One look at the stock quotes on your computer screen reveals a not so subtle theme: Red all over the place.
The generally accepted definition of a bear market is a 20 percent decline over at least a two-month period. And by that measure, the U.S. stock market is within striking distance.
Exchange-traded funds (ETFs) tracking the Dow Jones Industrial Average (DIA) and the S&P 500 (SPY) are in the vicinity of bear market territory. So far this year, DIA has declined by 15.3 percent and SPY is off by 14.3 percent.
The decline in stocks hasn’t been bad news for everyone.
Spiraling stocks have fueled the performance of bear-market ETFs, which are designed to increase in value when the securities they track fall. These types of funds are also referred to as “short” or “inverse” funds.
The ProShares Short Dow 30 (DOG) is up 15.8 percent through July 10 and the ProShares Short S&P (SH) has jumped 15 percent since the beginning of the year. (ProShares is affiliated with ProFunds Group, which also offers mutual funds that have similar short strategies.)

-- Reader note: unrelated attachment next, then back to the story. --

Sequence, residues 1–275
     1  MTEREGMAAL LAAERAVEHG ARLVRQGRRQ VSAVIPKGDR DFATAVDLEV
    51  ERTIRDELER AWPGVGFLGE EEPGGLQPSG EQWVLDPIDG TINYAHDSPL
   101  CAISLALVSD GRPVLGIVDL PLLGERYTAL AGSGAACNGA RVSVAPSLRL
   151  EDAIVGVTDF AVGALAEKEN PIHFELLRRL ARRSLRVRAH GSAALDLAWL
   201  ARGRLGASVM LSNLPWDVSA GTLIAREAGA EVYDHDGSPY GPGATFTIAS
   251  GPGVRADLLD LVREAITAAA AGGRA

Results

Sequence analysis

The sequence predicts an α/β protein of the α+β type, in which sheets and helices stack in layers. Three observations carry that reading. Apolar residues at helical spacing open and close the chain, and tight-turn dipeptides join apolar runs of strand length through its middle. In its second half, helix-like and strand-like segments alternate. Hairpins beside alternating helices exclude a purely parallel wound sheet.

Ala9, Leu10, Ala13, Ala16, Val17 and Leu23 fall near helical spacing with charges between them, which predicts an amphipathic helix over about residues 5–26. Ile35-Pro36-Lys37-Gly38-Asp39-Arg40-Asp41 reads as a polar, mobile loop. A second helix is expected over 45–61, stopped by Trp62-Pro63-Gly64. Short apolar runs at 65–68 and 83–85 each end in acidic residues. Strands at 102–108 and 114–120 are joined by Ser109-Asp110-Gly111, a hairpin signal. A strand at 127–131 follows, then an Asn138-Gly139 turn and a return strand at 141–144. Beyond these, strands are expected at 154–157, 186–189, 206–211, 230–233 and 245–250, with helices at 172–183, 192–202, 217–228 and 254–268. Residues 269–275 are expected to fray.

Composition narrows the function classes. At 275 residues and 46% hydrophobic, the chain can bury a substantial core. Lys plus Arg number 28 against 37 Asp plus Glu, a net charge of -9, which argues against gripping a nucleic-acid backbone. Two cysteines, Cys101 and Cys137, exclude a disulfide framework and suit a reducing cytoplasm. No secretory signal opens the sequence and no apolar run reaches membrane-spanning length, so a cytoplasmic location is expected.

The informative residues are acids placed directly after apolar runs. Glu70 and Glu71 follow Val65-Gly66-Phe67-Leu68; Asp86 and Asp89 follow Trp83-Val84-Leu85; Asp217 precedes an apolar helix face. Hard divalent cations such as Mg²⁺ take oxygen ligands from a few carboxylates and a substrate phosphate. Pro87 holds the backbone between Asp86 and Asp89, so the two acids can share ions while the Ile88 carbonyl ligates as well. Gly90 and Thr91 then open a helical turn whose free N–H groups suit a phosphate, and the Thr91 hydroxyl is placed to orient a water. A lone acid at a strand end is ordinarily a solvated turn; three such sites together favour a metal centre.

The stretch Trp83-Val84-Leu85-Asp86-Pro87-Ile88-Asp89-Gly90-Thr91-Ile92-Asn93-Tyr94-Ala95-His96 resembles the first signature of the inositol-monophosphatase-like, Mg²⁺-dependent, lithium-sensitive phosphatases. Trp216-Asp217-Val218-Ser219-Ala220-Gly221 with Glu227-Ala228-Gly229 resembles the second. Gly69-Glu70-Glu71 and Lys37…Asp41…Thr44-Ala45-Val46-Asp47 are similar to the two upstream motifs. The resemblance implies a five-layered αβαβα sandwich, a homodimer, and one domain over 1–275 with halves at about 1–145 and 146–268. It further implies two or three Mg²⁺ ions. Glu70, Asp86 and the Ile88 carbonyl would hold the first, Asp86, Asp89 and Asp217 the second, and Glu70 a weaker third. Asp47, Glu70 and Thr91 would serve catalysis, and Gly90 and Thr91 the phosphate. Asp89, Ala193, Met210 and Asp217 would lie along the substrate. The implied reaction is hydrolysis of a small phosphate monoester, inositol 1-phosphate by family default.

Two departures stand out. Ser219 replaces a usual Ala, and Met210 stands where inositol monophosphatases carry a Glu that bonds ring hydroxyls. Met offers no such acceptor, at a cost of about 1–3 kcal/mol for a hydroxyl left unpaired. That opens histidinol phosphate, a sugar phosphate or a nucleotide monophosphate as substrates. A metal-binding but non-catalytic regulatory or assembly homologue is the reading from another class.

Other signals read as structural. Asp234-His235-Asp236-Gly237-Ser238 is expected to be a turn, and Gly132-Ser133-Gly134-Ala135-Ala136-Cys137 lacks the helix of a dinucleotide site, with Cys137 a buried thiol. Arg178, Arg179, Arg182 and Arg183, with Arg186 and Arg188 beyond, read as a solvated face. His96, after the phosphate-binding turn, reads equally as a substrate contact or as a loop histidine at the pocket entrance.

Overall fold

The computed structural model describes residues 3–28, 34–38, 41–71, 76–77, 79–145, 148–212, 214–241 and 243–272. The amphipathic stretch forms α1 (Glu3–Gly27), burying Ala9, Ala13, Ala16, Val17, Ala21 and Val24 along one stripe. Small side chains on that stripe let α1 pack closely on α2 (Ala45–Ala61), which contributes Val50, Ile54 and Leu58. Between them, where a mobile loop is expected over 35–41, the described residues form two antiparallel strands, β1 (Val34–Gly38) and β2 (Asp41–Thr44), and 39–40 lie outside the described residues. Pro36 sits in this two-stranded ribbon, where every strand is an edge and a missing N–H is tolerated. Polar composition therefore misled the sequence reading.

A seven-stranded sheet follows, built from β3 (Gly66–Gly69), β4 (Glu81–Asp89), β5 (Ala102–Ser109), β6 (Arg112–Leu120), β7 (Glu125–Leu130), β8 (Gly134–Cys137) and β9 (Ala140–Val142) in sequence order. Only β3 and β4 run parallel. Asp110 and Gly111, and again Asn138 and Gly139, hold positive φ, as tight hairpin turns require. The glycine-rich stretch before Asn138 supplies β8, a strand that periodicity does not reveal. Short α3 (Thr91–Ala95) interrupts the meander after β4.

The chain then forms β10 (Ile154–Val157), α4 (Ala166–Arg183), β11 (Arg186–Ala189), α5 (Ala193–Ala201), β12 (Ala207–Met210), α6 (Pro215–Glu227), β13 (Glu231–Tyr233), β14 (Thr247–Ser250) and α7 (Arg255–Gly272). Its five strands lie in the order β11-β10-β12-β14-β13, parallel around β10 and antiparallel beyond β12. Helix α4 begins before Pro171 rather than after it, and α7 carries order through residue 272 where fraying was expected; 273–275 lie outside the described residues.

RydexShares is another lineup of inverse performing ETFs. The Rydex Inverse 2x Russell 2000 ETF (RRZ) which moves in the opposite direction of small-cap stocks, has climbed 20.8 percent.
The performance of bear-oriented ETFs has been exceptionally good in hard-hit industry sectors like financials and technology. The ProShares UltraShort Financials (SKF) is up 67.2 percent, and the UltraShort Semiconductors (SSG) is up 31.7 percent. Both funds use leverage to double their daily inverse performance.
Despite the stellar performance of bear ETFs so far this year, caution is in order.
The long-term performance record of funds that short the market isn’t pretty. Since its inception in 1997, the record for the Bear ProFund (BRPIX), which goes opposite the S&P 500 is negative 1.96 percent, through the end of the second quarter.
Where might bear funds fit into your client’s portfolio strategy?
The first priority for most investors should be to build a portfolio that can thrive during any kind of market. This can be achieved by having exposure to major asset classes — like domestic and foreign stocks, corporate and government bonds, commodities, REITs and cash. You can find low cost ETFs covering each one of these areas by searching each of these categories using ETFguide.com’s online database, for instance.
After you’ve built a portfolio on a solid foundation and a diversified mix, any extra money available for riskier investing could potentially go into bear-market ETFs.